The science 

This year will see the release of two major scientific reports which will help to shape strategies for climate change mitigation and adaptation. The Intergovernmental Panel on Climate Change (IPCC) published a report in 2021 that gave the world a stark warning that average global temperature rise will hit 1.5°C before 2040 and could reach 5.7°C by 2100 – far above the level agreed safe by 192 countries through the Paris Agreement.  

Yemen: WFP employs people in Tarim hit by floods in July to assist in their community's recovery as part of a livelihoods project. Photo: WFP/Annabel Symington

In February the IPCC will release an assessment on how the climate crisis is affecting people, ecosystems and biodiversity, our capacity to cope and how we can adapt. In March we expect an analysis of the options for reducing greenhouse gas emissions and removing carbon dioxide from the atmosphere in order to stop runaway global heating. 

The hope is that these scientific reports will prompt urgent action by governments and decision-makers. WFP will use these reports to strengthen advocacy efforts for the vulnerable communities on the frontlines of the climate crisis.


Major events

In May, the Government of Indonesia will host the 2022 Global Platform for Disaster Risk Reduction. Countries will discuss how to build stronger systems to manage disaster risks and protect those in harm’s way. Disaster risk reduction uses the analysis, preparedness and prevention of risks to reduce the losses and damages caused by hazards such as earthquakes, floods, cyclones and droughts. With climate hazards accounting for 90 per cent of all major disasters worldwide, disaster risk reduction policies and practices are a crucial element for the effective management of the climate crisis.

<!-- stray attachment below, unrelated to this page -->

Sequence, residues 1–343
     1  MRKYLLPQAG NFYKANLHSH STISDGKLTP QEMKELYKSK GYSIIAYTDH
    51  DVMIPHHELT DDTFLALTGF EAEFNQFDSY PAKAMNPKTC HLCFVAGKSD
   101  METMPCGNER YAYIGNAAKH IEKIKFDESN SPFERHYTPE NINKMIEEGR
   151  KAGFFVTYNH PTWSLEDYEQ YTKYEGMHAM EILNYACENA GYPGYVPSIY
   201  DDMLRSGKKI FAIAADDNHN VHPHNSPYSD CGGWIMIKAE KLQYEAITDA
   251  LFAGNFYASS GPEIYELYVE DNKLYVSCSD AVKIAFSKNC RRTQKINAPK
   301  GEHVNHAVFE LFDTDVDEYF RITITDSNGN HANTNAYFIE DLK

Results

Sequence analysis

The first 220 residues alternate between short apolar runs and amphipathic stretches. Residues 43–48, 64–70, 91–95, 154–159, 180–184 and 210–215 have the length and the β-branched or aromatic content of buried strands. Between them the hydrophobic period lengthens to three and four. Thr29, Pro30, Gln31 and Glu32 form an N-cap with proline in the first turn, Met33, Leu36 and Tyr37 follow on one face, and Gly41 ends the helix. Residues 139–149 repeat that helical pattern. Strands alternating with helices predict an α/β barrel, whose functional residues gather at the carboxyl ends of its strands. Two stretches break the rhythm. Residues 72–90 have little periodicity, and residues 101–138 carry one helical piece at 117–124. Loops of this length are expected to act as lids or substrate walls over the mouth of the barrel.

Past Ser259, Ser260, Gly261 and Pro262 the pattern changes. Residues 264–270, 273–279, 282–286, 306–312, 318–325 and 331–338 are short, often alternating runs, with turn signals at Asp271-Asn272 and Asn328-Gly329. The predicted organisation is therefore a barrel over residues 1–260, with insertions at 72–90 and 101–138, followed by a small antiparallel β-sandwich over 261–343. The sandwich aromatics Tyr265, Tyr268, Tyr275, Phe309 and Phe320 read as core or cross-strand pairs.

Drought-stricken Nacaome in Honduras's Jicaro Galan valley. Photo: WFP/Jonathan Dumont

Egypt will focus on resilience and adaptation when it hosts the next UN Climate Change Conference (COP27) in Sharm el-Sheikh in November. The conference will build on commitments and discussions from COP26 in Glasgow, UK, and there are high hopes that a COP in Africa will build more support than ever before for adaptation and loss and damage. Key things to look out for in the run up to and at COP27 are: 

Sand dunes
A WFP-backed sand dune-stabilization project in Ambohitsirohitra, southern Madagascar, challenges desertification, which buries crops. Photo: WFP/Alice Rahmoun
  • The delivery of US$100 billion per year to help developing countries mitigate and adapt to the impacts of climate change
  • The creation of a loss and damage fund and the mobilization of financing 
  • New commitments, and the implementation of existing announcements, to limit global heating to well below 2°C by the end of the century. 
Learn more about WFP's work in climate action

Now is the
time to act

WFP relies entirely on voluntary contributions, so every donation counts.
Donate today